oct 7

by Wesley Strong

On October 7th, Students and workers will be participating in the second National Day of Action to Defend Public Education. The actions on Thursday are the result of a summer of organizing and are part of the continuing struggle against private and for-profit education. From its beginning in California last year, the movement has spread nationally and echoed in the halls of schools from New York City, to New Orleans, to Chicago, and Los Angeles. Students and workers will take to the streets to challenge a bipartisan consensus that the market can solve the problems with public education.

This struggle is not specific to this time period, not even caused by the recent economic crisis. The crisis in public education has been going on for years: from the policies of Reaganomics or Neoliberal economics, policies of dismantling social support, putting the market in control of society, and turning all social functions in the direction that will provide the most corporate control and, in the end, the most profit. This assault has manifested in poor working class and urban districts throughout the country as their public schools are dismantled and handed over to private interests.

Public education is under attack from the big cities to the most rural areas in the country. It is under attack by the same people who have benefited from the bailouts paid for by US tax dollars, and who have been shipping jobs overseas for years. This recent crisis has only expedited the plan that was already being put in place.

The current crisis manifested in massive tuition and fee hikes on students in higher education, furloughs, layoffs, school closings, the growth of for profit education movements, the expansion of charter schools in urban districts, the use of mayoral control to replace Boards of Education (BoE) – particularly in urban districts, is intimately tied to the prevailing – and failed – economic policy of our time, Neoliberalism. Wall Street and many in Washington are seeking to use the crisis in education to target two specific groups – first, public sector/teacher unions; second communities, particularly people of color.

One of the ways these policies are playing out is in the Race to the Top Grant Program, which promotes merit pay, reshaping education to strictly train for the workplace, and increase the significance of standardized test scores as measure of progress for schools. Secretary of Education Arne Duncan, the architect of Race to the Top and former CEO of Chicago Public Schools, is the main voice pushing these reforms with strong support from Obama. Duncan said publicly that if he fails to get seven or eight urban school districts under mayoral control (where the mayor makes all the decisions and BoE reps are not elected), that he will consider his term a failure. On top of this, the Obama administration praises David Guggenheims new movie Waiting for Superman (Critique), which exaggerates the benefits of charter schools and ignores issues of funding, pay differential, among other things. The reality is charter schools have not been proven to be better than public schools, and their reliance on banks, hedge funds, and foundations draws into question what might happen if those institutions hit a crisis.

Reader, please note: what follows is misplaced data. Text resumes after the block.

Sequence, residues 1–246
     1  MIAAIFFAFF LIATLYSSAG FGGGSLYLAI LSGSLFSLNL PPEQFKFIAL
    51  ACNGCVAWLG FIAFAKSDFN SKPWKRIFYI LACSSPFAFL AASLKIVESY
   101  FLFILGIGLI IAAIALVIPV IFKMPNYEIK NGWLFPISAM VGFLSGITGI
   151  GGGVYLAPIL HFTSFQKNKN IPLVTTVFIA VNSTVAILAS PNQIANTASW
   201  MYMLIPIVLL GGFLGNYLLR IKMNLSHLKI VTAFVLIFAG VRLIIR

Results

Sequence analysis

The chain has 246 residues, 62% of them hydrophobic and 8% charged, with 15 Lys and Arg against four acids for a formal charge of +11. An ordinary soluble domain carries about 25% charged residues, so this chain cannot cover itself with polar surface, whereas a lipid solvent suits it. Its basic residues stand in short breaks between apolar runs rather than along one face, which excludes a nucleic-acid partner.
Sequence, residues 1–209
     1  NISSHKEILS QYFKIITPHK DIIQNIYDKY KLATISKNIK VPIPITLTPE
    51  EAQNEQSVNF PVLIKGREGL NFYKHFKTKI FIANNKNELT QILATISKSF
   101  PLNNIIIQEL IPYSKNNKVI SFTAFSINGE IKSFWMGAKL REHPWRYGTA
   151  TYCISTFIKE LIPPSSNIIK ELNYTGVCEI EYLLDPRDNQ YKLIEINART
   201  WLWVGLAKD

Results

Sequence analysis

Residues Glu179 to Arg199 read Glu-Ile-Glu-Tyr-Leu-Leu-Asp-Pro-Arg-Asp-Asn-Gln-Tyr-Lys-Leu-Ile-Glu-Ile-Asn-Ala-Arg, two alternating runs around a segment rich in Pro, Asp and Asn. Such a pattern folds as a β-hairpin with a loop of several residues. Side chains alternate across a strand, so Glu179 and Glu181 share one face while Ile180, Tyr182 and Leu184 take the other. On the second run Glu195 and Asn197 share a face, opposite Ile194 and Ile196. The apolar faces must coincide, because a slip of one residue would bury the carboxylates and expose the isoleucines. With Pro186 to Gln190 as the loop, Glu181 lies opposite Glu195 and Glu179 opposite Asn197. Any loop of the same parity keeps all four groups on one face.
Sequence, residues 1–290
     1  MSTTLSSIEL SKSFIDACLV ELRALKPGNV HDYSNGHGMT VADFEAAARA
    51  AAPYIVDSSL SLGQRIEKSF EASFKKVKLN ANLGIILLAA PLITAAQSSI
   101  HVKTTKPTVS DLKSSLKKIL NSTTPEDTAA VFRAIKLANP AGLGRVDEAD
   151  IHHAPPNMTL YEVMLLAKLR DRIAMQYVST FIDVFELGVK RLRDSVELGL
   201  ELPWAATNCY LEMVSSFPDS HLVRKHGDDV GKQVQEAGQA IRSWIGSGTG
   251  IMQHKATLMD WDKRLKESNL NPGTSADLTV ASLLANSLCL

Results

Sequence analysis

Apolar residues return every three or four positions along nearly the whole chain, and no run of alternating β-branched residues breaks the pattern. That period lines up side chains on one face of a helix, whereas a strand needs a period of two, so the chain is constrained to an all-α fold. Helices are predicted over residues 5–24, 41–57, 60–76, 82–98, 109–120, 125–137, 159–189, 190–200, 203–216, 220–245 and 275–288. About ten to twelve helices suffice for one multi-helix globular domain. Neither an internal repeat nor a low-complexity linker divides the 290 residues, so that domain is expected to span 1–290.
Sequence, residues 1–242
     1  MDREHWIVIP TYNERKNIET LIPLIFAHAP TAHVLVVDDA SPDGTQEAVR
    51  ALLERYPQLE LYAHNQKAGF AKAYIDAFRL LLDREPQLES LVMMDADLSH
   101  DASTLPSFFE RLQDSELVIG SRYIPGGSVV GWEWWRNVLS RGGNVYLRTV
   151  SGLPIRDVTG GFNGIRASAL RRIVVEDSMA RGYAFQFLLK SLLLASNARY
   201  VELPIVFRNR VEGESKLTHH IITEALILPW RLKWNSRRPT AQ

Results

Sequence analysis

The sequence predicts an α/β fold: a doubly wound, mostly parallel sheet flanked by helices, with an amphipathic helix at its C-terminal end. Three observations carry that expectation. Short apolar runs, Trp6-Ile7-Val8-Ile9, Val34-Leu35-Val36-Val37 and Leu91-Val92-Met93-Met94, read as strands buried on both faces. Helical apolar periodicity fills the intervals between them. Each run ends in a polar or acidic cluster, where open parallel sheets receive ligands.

This policy also has an effect on higher education. Thought the assault on k-12 systems is much more apparent, the growth of for profit institutions, online schooling, and the drop of federal aid to students over the past thirty years has left graduating students with a debt that makes them scared to lose any job they might have and being left without the ability to pay back massive loans (Check out Default, a documentary on student debt). Higher Ed workers are also under a massive assault. Budget cuts under the auspices that we all suffer in a budget crisis have left workers without jobs, teachers without classrooms, and students with a lower quality education.

This assault on education, expedited by the recent crisis, is part of a long term push from economic elites to deform and take control over public systems, including education, for the purpose of dismantling them and making society reliant on the ups and downs of the market. They want to tie the entire society to the market, dismantling public education, leaving a small depleted system behind, as they have done in New Orleans.